4. Entertain as much as inform. An often forgotten point: Your job is to, at least in part, entertain the members of your audience. They're taking a break from something else. They've closed their laptops and are focusing on you. Why not reward them with something interesting or funny? Your entire talk doesn't need to be completely on topic. It's fine to start off with something that is beside the point as long as it's entertaining.
Never forget that people will listen more closely to what you have to say when they're having a good time.
5. Time it perfectly. When you're speaking, in effect you're borrowing your audience's time. They're investing in you--respect that investment and don't abuse that trust. If you're given 30 minutes, feel free to use only 25 minutes. Your primary goal is to entertain and inform your audience and make their time with you worthwhile. Your goal is not to use up every available minute.
I used to be very concerned with how much time I had for talks; my biggest fear was that I would run out of things to talk about. Now my only concern is giving a great presentation. If that means ending a 30-minute slot after 15 minutes, fine--you can always take more questions from your audience. The better your presentation, the more questions you will get.
And the more your audience will feel you respected their investment in you.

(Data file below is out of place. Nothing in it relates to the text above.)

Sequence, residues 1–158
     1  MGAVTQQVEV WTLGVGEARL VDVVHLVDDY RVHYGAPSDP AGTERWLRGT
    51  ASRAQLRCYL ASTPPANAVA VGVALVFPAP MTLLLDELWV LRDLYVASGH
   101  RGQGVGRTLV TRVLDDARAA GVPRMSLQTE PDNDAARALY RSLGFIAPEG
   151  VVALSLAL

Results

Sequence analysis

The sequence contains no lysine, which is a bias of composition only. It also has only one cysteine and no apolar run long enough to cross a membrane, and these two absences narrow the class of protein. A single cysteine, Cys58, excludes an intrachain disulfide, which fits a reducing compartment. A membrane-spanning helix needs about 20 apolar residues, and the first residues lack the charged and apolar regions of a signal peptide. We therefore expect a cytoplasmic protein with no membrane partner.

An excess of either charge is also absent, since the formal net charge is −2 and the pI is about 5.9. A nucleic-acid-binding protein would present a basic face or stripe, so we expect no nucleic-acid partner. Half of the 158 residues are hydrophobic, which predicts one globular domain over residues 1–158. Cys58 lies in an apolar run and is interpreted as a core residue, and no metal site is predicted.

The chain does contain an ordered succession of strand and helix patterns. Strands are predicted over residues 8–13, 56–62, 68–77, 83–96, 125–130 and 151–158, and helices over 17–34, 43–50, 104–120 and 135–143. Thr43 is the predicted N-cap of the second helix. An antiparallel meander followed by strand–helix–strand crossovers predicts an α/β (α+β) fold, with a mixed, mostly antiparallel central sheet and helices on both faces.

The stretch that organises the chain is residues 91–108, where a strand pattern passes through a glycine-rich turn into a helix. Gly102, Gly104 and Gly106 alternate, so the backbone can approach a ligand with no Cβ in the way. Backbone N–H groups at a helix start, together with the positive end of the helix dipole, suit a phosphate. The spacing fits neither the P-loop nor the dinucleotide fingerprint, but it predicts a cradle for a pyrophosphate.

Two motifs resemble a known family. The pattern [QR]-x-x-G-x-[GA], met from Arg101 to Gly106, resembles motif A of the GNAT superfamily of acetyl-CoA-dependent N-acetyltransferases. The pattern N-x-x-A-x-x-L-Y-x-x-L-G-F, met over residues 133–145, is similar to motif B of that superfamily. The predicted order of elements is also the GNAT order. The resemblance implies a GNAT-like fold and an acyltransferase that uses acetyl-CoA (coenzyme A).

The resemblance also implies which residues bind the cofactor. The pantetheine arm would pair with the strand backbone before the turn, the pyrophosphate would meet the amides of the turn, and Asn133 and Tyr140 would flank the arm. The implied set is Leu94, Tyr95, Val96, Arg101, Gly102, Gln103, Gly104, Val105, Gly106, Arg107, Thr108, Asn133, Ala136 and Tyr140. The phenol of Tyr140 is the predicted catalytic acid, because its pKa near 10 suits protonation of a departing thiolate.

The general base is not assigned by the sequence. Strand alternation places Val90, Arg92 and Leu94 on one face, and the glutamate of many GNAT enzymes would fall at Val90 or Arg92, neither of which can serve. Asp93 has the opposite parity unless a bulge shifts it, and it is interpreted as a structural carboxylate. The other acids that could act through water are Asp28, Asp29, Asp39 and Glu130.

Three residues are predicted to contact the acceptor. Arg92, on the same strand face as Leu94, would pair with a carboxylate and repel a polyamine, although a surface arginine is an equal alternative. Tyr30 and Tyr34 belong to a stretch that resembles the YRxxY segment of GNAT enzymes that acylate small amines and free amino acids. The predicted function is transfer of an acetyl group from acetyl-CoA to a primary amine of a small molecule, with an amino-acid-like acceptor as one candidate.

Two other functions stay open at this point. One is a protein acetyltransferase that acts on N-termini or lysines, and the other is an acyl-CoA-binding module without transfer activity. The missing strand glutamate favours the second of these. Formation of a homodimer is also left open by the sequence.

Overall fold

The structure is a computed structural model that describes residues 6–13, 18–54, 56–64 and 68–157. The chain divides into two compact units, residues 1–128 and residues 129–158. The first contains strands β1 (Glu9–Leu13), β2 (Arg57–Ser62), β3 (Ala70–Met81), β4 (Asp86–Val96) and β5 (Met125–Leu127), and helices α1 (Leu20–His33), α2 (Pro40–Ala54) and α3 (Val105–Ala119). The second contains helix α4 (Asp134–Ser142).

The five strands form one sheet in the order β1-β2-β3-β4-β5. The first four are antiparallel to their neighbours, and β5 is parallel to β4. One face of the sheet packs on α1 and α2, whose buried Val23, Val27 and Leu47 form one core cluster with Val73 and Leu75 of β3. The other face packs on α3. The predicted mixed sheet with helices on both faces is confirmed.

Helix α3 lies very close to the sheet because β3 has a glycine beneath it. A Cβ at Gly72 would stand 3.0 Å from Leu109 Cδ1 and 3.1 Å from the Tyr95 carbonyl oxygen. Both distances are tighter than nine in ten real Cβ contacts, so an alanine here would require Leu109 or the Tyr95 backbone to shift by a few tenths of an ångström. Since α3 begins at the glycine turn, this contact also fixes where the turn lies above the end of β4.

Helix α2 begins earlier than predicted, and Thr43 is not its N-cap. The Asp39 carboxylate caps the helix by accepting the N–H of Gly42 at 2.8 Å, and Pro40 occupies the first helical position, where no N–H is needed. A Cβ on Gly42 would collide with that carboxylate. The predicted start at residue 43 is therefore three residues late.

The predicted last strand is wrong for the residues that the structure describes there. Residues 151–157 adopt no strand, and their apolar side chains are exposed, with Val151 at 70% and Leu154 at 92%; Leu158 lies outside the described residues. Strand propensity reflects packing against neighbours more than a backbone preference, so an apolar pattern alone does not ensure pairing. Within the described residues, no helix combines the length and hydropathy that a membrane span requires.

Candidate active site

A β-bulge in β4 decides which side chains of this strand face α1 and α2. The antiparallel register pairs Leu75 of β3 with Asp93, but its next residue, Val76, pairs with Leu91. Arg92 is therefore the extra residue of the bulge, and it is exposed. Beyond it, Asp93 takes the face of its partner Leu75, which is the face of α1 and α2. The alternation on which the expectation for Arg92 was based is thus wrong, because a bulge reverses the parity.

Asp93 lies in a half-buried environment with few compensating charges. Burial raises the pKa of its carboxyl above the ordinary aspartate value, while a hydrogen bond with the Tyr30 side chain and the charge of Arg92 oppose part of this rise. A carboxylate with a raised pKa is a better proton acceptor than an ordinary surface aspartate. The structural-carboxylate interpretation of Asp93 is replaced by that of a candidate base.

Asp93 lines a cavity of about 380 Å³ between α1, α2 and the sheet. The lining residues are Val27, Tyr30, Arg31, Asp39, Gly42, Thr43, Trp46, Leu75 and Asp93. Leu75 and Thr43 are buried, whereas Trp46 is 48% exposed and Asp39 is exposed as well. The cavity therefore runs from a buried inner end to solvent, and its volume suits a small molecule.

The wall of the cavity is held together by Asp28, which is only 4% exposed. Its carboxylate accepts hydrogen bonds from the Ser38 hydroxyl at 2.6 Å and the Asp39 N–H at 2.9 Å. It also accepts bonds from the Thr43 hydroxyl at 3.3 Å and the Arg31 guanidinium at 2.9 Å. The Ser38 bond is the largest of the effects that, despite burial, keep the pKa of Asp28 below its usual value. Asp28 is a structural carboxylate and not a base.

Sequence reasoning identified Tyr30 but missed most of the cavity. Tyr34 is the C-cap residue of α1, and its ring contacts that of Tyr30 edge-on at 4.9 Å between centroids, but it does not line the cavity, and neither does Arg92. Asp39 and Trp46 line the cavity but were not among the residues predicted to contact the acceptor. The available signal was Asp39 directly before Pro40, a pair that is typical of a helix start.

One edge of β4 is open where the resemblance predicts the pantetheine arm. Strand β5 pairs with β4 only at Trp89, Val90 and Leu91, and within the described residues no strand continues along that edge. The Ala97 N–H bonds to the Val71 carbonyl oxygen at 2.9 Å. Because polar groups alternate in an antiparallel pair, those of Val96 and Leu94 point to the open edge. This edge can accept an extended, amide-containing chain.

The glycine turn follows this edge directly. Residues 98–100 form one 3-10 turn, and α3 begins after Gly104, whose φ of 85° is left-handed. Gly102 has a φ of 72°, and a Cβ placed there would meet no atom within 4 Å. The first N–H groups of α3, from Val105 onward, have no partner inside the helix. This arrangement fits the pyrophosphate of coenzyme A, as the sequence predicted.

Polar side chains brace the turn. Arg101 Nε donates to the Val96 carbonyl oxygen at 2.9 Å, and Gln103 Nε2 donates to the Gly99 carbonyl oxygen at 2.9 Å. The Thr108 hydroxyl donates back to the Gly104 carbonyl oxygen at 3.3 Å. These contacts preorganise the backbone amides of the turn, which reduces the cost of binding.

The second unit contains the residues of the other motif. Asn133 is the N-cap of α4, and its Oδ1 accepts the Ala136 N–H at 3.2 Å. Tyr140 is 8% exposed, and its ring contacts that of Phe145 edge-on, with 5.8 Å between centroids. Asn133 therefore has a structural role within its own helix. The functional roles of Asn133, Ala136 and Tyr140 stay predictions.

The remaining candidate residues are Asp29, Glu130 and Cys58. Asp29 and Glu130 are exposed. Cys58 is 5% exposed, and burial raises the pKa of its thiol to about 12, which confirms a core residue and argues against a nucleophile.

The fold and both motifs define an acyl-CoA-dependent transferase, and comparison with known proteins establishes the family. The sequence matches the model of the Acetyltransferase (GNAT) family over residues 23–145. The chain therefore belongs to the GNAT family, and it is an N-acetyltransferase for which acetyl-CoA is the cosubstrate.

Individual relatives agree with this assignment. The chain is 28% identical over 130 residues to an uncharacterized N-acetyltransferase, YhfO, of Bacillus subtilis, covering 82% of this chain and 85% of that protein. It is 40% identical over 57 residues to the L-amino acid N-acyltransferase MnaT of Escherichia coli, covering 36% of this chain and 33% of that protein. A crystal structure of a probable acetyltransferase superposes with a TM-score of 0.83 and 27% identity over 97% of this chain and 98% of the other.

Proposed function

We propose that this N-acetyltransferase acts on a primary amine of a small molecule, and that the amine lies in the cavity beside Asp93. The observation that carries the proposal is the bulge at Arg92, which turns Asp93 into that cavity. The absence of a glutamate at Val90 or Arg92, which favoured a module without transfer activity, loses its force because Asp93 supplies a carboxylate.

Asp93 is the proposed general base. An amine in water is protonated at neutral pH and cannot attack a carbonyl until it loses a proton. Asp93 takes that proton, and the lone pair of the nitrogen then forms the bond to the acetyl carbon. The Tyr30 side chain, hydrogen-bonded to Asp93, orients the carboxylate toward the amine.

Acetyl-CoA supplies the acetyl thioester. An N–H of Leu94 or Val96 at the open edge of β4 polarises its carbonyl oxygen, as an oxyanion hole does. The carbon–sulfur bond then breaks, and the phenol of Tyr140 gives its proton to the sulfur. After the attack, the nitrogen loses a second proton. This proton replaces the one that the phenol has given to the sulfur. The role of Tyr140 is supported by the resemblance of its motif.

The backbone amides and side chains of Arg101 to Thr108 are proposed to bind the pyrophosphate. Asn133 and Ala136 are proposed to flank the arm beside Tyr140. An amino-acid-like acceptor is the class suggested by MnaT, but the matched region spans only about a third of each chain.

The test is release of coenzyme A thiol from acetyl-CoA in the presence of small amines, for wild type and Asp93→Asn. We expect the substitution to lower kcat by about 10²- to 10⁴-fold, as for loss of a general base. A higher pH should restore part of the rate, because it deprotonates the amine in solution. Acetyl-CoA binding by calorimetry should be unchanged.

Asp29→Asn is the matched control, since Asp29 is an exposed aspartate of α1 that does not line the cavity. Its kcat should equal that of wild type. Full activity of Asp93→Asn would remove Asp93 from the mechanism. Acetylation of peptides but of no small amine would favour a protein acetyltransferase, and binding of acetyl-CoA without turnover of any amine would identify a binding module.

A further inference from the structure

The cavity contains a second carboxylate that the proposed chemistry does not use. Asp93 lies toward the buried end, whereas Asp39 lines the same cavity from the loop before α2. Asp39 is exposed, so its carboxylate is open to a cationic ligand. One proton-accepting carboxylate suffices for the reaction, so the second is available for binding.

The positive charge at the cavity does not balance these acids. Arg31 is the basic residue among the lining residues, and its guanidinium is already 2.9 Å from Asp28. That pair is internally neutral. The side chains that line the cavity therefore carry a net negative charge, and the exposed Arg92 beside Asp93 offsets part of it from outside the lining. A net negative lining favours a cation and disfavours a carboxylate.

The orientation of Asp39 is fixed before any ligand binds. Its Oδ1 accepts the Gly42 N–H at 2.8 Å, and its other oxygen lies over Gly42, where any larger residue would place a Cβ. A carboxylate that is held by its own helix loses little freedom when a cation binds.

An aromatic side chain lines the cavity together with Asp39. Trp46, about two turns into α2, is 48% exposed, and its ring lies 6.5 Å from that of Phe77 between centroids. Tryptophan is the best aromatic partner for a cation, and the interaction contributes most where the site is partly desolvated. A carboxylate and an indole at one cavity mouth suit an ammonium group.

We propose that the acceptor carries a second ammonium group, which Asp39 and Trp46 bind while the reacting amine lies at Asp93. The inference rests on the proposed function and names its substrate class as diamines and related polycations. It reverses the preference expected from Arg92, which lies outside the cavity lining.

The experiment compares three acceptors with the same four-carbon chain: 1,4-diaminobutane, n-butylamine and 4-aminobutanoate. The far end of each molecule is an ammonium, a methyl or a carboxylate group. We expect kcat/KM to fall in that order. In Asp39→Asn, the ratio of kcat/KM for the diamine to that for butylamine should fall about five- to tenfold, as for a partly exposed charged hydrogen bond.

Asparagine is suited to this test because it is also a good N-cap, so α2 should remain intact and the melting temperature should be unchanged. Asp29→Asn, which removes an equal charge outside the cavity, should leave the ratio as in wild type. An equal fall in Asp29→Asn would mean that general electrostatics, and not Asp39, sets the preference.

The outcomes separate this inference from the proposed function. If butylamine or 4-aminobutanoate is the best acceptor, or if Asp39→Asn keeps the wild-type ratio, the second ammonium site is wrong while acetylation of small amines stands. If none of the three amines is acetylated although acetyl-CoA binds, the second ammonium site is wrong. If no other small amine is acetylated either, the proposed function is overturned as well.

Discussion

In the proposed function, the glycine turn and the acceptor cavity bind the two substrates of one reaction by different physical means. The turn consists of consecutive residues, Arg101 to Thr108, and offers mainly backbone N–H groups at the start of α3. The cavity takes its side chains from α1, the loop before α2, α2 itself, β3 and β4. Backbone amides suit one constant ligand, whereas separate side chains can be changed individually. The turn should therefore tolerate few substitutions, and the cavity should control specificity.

6. Provide something to take home. I always try to think of something specific I can deliver--in words, not in swag--that the members of the audience can apply as soon as they get back to work. I learned that from a speaker at one of our events who had a hugely inspiring story, but then interrupted himself and said something like: "But you can apply this very easily tomorrow by doing the following ..."
A sigh of relief went through the room as people scrambled for their notebooks. Inspiration is cool and productive, but it really helps if you have something tangible to offer that your audience can apply right away.
7. Feel free to repeat. It's natural to assume everyone in the audience is paying attention to everything you say. In reality, people hear about 30 percent of what you say, and of that they're constantly translating it to fit their own perspectives or agendas. Plus, things you think are logical and even self-evident might not immediately make sense to everyone in your audience.